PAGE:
He also elicits tremendous performances from his cast (including himself in a gorgeously restrained turn). Alex Ozerov handles his role as the young man with sensitivity and maturity, but is most of all blessed with the considerable talent to allow an audience to connect with his character while also displaying natural gifts as a screen actor. The camera loves him and with the sure hand of director Desmons, Ozerov is clearly well on his way to commanding the sort of attention reserved for only the very best.

Jean-Michel Le Gal as the theatre company's stage manager produces a healthy balance between yearning and the capacity for deep love. Kristen Thomson is especially piquant as Alain's mother - she manages to capture that perverse small town blend of naiveté, repression and openness. As someone who's lived in his fair share of small towns and big old small towns masquerading as cities, I'd say I found her performance so spot-on that it bordered on scary. In this small, but vital role, Thomson exudes the qualities of every doyenne of small town mediocrity that I've ever had the personal displeasure to encounter.

This is all as much an attribute of the film and filmmaker's powers of observation as anything. He carefully places his subjects on slides, clips them within an inch of their lives to the mount and sharpens his lens so that we not only see and experience what he does, but are given enough opportunity to formulate our own perspective. At least he lets us believe that which, of course, is what great filmmaking is really all about.


What We Have (Ce qu'on a) is playing at the Inside Out 2015 Toronto LGBT Film Festival. For further info, please visit the festival's website by clicking HERE.

Fourth Man Out (2015)
Dir. Andrew Nackman
Scr. Aaron Dancik
Starring: Parker Young, Evan Todd, Jon Gabrus,
Chord Overstreet, Kate Flannery, Jennifer Damiano, Jordan Lane Price

Review By Greg Klymkiw

Shot in and around Albany, though set in a somewhat more generic version of a small burgh in upstate New York, Fourth Man Out proves to be a solid bromantic comedy about four longtime twenty-something pals of the working class persuasion who've spent their many years together doing what bros do: watching ballgames on TV, playing poker and hitting the local watering holes to nail babes.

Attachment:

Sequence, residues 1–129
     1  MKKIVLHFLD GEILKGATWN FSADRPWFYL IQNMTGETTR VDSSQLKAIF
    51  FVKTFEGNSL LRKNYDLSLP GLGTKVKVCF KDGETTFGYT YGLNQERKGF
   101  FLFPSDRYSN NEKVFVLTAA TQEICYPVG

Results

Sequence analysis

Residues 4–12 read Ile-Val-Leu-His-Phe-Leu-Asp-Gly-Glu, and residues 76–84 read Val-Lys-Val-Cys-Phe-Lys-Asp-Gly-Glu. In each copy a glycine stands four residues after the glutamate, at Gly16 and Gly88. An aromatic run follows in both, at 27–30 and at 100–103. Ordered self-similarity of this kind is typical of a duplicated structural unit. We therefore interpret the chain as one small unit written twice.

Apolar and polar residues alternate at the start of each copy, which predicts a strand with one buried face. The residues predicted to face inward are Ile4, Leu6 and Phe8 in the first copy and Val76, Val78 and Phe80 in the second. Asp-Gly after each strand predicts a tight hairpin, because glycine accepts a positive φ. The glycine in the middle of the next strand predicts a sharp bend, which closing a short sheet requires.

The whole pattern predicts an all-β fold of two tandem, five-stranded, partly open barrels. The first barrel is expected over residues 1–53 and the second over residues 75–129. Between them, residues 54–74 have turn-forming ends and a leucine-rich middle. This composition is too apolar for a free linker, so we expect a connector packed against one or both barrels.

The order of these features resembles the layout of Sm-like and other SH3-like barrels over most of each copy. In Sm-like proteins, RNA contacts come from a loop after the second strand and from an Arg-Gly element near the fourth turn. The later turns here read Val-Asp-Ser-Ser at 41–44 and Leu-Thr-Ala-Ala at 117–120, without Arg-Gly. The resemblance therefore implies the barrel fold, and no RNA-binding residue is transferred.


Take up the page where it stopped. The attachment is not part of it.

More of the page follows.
They're all on the cusp of potentially needing to grow up, but there's the pull of why grow up when there's way too much fun to be had? Then again, they might even realize that growing up doesn't mean giving up their manly fun and games. Like most straight buds in small towns or big-old-small-towns-pretending-to-be-cities, these guys would, in more enlightened ancient cultures be fucking each other, but closets these days are deep in these contemporary environs and like the Chester See song says: "Brrrrrroooooooooo-mance, nothing really gay about it."

So what happens when one of the buds has been hiding his gay lifestyle from both his family and his buds? Furthermore, what's going to happen if he comes out? Well, as it turns out, nothing too serious, really. All the usual stuff in comedies like this make their familiar, comfortable appearance: the buds seem cool, make loads of ass-fuck-dick-suck jokes, until the time comes when they need to learn everything possible about being gay so they can accept their bud and grow up in the meantime. The straight pals actually become walking, talking, living, breathing expounders of all that's gay, albeit from their well meaning, but still stereotypical standpoint.

Yup, this is basically a situation comedy in feature length form and though it's rife with cliches, the whole thing is damn well played, often extremely gosh-darn-low-brow funny and even has a major sweet tooth going on. The movie doesn't have a sophisticated bone in its body (though its indie veneer suggests it has plenty), but its heart is in the right place and in spite of the picture's slightly machine-tooled quality, most audiences will enjoy a pretty fun and sparkling night at the movies.

Besides, I've not seen sausage fellatio in a movie in sometime. All the more reason to recommend it.


Fourth Man Out is playing at the Inside Out 2015 Toronto LGBT Film Festival. For further info, please visit the festival's website by clicking HERE.